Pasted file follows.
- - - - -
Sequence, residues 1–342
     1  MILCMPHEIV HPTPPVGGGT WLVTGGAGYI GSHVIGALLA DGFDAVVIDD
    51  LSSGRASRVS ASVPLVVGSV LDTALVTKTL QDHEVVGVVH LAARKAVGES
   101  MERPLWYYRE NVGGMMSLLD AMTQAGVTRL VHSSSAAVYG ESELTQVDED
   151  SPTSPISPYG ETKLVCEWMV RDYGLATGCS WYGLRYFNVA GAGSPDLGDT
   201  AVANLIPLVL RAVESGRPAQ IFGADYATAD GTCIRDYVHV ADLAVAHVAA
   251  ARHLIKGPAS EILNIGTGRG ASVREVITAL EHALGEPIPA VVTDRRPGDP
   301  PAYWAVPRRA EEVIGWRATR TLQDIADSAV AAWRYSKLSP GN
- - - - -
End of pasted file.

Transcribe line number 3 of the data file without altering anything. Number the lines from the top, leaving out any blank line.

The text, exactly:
    51  LSSGRASRVS ASVPLVVGSV LDTALVTKTL QDHEVVGVVH LAARKAVGES